D R . E L R O I


Saturday, June 21, 2008

From Diagnosis to Acceptance 2

The shock phase is quickly replaced by the reality phase. In this phase, the person starts to realize what their HIV status implies. Suddenly he realizes that he is infected with a life threatening disease; is HIV positive will fall ill at some stage but nobody can tell him when. To make things worse, it is not cancer or any other "normal" illness. It is HIV and AIDS, feared by many, seen by others as God's punishment for a promiscuous lifestyle - a disease associated with stigma and discrimination. He is confronted with the implications for his life: What about my family? What about my wife? Should I tell anybody that I am HIV positive, and if I do tell - who? What about medication? Can I afford it? Should I go on a trial? When do I start to look for medication? All these questions and realities lead to a severe experience of loss.

This brings on another set of emotions which could again range between anger and becoming very emotional. As the shock phase fades, and the person starts to realize the implications of his HIV positive status, they become very open to help from the outside. There is a desperate need for information and to talk to people with similar experiences or people who would be able to provide good advice. This could be a doctor, nurse or counselor. But very often a person needs to talk to someone outside the medical profession. All HIV positive people wish they could tell the people closest to them; their family and friends. But very often they are so afraid that they will lose these valuable pillars of support, that they do not have the nerve to tell them.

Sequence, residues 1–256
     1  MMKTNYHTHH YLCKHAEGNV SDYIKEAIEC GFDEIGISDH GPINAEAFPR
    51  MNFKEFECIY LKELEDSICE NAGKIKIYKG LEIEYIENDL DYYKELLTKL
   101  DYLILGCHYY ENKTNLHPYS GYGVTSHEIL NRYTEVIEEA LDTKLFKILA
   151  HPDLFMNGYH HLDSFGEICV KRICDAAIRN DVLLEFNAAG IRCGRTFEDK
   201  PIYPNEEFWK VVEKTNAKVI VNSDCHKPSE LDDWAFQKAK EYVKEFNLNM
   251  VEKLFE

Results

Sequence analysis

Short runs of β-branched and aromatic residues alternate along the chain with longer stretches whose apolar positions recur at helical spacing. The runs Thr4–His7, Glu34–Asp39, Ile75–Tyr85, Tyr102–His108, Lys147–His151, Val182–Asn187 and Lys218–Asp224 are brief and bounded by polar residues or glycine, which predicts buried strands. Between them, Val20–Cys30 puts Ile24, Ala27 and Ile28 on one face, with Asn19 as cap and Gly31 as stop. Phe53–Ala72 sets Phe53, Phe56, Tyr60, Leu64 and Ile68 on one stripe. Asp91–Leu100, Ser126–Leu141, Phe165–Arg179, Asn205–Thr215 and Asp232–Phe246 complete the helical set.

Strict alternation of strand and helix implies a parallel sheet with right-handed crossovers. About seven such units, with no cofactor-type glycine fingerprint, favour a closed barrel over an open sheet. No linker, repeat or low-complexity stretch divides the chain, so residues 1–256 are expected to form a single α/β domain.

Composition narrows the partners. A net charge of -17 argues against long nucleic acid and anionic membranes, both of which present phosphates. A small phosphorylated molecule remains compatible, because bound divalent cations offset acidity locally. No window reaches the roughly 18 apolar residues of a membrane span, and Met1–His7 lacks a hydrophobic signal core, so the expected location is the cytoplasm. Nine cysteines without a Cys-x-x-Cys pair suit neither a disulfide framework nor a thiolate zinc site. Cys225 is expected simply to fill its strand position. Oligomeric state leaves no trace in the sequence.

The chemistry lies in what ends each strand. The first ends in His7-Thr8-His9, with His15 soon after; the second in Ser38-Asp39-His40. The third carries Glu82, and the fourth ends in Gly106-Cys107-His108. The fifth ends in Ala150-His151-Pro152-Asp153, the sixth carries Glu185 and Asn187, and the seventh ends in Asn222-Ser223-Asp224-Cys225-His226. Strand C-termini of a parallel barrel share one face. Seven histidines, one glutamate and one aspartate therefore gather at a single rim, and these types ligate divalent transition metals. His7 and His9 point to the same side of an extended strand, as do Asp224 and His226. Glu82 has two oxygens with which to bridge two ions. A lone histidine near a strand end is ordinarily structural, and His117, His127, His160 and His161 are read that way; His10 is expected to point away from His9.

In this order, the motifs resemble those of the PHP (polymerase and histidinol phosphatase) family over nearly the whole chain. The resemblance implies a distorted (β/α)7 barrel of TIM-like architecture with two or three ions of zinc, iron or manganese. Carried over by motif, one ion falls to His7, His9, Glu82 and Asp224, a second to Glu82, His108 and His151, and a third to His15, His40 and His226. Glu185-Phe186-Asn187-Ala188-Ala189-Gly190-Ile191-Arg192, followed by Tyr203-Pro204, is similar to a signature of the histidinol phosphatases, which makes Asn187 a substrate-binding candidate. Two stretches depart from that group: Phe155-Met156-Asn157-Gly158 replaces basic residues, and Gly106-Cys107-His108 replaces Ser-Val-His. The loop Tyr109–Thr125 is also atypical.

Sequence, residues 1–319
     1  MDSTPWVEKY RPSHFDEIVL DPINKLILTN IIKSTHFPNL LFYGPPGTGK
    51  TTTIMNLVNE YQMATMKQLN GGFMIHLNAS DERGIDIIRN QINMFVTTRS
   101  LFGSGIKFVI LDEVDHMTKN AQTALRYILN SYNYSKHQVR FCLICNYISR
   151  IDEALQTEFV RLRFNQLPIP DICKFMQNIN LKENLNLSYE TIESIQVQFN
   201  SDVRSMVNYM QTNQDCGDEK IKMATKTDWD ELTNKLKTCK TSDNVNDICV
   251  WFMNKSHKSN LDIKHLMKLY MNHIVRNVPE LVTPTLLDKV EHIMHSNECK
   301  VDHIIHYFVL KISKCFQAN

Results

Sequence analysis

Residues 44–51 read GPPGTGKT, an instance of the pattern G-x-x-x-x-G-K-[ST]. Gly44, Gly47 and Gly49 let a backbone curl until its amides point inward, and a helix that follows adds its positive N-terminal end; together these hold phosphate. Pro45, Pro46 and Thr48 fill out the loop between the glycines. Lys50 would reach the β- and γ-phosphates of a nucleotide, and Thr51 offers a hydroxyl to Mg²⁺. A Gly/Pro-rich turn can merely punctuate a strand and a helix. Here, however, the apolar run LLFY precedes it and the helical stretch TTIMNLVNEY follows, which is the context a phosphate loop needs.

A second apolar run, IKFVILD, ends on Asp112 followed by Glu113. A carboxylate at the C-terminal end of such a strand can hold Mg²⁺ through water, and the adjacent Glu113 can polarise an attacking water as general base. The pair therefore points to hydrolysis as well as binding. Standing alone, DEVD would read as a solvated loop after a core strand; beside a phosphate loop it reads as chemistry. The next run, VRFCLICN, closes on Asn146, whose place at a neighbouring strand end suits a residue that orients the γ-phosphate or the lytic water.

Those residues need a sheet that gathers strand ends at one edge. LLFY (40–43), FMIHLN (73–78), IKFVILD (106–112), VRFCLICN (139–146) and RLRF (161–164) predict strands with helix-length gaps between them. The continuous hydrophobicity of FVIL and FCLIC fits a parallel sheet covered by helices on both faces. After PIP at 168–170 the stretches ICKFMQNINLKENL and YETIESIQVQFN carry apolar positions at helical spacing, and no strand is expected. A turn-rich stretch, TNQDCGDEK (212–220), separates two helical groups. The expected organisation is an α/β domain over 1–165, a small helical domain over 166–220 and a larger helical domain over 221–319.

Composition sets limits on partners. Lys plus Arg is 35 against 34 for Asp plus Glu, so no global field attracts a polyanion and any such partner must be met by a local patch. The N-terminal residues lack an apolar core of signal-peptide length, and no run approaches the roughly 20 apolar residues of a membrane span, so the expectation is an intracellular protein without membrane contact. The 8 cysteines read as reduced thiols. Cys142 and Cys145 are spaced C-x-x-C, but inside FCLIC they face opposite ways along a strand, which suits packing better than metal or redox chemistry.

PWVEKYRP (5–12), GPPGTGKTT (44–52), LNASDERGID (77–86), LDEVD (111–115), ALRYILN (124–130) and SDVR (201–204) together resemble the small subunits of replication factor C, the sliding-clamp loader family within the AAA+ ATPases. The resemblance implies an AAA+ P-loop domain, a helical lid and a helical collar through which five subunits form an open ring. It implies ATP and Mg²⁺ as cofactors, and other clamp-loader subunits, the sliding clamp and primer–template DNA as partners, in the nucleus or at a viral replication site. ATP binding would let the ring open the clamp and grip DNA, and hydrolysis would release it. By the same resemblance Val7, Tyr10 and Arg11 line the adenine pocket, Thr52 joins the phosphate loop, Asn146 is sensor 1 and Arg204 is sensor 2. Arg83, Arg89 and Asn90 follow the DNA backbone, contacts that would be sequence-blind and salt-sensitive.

But at the same time, while open for help, the person is also hypersensitive in two ways: On the one hand the person might trust some people with the fact that he is HIV positive, but now he fears that those people will suddenly start to treat him differently than before. But it goes beyond people knowing your HIV status. One HIV positive person said: "It feels as if my HIV status is written on my forehead, as if everybody knows!"

On the other hand, you know that you are HIV positive. You know you will become ill at some stage but you do not know when. This suddenly causes the HIV positive person to be hypersensitive about his health. Any small illness or symptom becomes a major concern.

Confidentiality is a major concern for any HIV positive and his family. Nobody has the right to share any information about your HIV status. This becomes a major issue for any HIV positive person. They always wonder: Who knows and what do they know? Where did they find out? It is very easy to say that people should be open about their status. Remember, each person's situation is very different from the next person's situation. For some people it can be very dangerous to talk about their HIV status. We must respect a person's right to confidentiality.

Source: "Channels of Hope" workshop manual.

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